Suppose for example, we had a number of customer records with no corresponding orders in the orders table (lets say the orders were accidentally deleted at some point).  If we run an Inner Join Query, those customers without order records would not show in the results.  However, if we run an Left Outer Join Query all customers would appear regardless of whether or not they had corresponding records in the order table (provided, of course, the customer met any query criteria which was set). If a customer had no corresponding order records his or her query results row will just contain the customer’s details with empty fields in place of order details.

How to Use The Outer Join Query using Access

This brings me to one last point: we need to specify whether the Join is a Left Join or Right Join.  So what does this mean?  Basically by selecting whether the Outer Join Query is left or right, we are letting Access know which table in the Join is going to display all the rows matching a given criteria, and which side will only display data corresponding to that chosen table.

Lets now have a go at creating an Outer Join Query.  The exercise below uses two tables, tblCustomer and tblOrder.  We are going to use the FIRSTNAME, SURNAME and CITY fields from the customer table, and ITEMORDERED and DATE from the orders table.  Our query criteria will filter out all customers who live in Bolton.  You can download an Access Database with these tables here, or enter them manually from the screenshots below:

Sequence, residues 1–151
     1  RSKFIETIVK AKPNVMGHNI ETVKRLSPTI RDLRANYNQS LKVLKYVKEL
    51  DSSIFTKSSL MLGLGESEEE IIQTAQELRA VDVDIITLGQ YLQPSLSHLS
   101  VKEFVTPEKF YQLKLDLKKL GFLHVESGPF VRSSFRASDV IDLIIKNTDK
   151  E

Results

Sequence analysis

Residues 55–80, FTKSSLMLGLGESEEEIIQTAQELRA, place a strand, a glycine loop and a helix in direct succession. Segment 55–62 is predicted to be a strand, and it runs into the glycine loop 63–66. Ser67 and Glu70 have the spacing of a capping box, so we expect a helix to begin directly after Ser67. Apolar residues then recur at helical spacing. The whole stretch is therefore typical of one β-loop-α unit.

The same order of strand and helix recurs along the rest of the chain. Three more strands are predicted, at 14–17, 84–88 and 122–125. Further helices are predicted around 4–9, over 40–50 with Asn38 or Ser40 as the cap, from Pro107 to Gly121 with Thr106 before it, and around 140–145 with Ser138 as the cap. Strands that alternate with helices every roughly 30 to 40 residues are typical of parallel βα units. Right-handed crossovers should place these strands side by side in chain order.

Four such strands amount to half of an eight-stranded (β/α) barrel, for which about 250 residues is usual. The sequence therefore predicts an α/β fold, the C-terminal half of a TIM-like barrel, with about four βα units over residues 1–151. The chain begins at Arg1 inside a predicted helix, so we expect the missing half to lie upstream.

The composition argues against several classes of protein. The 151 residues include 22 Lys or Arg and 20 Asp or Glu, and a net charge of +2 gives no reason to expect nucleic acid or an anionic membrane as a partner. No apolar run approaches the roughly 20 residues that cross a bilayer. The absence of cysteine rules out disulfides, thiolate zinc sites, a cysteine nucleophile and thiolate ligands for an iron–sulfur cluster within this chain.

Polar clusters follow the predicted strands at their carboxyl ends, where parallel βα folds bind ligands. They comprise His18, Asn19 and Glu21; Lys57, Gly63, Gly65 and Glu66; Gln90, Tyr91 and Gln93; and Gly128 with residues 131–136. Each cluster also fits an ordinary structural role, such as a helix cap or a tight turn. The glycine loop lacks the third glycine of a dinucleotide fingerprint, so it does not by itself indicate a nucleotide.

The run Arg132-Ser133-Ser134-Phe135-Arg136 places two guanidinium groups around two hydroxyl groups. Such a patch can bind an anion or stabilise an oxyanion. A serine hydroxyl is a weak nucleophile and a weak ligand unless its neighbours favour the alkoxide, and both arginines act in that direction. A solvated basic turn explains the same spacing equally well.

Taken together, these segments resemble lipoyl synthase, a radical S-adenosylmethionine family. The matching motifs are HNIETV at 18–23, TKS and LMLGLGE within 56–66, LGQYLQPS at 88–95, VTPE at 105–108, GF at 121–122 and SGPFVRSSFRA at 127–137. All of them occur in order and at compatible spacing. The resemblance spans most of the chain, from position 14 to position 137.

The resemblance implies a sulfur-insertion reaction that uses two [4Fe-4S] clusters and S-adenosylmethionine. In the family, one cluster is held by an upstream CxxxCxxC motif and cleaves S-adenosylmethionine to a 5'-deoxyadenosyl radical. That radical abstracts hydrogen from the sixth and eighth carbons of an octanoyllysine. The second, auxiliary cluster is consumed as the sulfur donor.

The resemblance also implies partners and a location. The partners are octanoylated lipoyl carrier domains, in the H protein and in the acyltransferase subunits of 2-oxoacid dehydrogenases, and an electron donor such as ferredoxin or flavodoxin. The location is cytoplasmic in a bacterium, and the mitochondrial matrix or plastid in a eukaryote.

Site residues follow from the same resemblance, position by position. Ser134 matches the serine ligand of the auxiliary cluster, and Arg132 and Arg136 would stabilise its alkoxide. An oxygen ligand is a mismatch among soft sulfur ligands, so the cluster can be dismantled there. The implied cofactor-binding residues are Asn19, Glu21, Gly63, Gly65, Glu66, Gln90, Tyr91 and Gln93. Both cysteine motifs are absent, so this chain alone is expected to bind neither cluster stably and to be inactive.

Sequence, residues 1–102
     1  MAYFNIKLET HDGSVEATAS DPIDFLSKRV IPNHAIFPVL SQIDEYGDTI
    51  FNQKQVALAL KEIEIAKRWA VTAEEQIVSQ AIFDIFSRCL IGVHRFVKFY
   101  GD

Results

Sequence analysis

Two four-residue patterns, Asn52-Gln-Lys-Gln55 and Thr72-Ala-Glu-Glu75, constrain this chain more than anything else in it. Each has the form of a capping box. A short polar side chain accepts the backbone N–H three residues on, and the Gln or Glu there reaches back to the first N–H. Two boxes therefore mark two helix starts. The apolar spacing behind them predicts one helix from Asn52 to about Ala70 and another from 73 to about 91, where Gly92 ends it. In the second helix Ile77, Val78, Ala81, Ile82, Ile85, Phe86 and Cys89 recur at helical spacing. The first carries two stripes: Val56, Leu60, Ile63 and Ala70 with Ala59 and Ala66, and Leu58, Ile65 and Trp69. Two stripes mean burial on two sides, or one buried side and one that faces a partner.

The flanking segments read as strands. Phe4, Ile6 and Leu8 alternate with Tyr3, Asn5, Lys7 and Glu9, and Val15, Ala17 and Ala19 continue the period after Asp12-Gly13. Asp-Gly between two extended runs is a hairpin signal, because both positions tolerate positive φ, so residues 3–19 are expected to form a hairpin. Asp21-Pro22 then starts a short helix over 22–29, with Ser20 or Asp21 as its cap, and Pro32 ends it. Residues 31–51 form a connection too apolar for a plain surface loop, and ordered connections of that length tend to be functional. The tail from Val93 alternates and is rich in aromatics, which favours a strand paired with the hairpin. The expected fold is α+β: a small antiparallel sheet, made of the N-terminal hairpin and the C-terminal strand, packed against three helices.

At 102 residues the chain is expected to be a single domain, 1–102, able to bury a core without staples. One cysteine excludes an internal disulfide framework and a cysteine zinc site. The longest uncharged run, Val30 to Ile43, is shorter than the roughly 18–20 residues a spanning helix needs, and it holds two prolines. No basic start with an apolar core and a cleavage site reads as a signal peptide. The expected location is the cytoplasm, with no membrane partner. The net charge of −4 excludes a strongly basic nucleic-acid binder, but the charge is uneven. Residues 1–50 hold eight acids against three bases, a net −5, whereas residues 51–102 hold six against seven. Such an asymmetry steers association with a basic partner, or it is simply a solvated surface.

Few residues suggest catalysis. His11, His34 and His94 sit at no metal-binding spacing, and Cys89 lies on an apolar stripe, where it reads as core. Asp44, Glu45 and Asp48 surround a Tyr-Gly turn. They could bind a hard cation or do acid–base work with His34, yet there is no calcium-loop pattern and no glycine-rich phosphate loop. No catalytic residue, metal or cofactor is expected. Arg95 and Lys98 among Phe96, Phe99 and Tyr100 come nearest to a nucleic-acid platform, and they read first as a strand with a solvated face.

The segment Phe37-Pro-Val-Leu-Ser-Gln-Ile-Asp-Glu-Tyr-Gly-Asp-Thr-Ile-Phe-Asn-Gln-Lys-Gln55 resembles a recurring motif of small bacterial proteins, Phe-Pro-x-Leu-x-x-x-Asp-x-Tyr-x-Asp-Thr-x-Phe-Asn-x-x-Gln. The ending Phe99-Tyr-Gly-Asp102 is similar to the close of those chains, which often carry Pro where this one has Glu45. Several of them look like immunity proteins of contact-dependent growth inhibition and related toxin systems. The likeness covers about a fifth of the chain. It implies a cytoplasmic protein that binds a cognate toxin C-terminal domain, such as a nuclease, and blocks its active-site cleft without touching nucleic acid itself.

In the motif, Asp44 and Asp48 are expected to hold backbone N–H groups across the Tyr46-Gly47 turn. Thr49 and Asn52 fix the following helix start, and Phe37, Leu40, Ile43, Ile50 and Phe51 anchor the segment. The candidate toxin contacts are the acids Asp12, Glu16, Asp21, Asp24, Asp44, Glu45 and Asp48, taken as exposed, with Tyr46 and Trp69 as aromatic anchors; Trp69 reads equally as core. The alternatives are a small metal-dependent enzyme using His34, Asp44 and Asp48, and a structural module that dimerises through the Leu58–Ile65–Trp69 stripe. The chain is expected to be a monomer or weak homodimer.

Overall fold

Above: Date for tblCustomer.
Below: Data for tblOrder.


NB There is a One to Manly Relationship between the two tables
between tblCustomer.ID and tblOrder.CustomerId.

How to Create an Outer Join Query

We are going to do this exercise in two stages.  The first stage is to create a standard Inner Join query using the Access Query Design Grid. In the second stage with will modify the query so it becomes an Outer Join Query.

Stage One – Create an Inner Join Query.

  1. Open the database you downloaded above.
  2. Select the CREATE tab on the Access Ribbon.
  3. Click the QUERY DESIGN icon in the OTHER group.
  4. Select tblCustomer and tblOrder from the SHOW TABLE dialogue box.  Then close the dialogue box.  Both tables should now have appeared in the top section of the QUERY DESIGN GRID.  Since there is already a one to many relationship between the two tables, this is represented in the Query Design Grid as an Inner Join.
  5. Select fields FirstName, Surname, and City from tblCustomer.  Then select fields ItemOrdered and Date from tblOrder.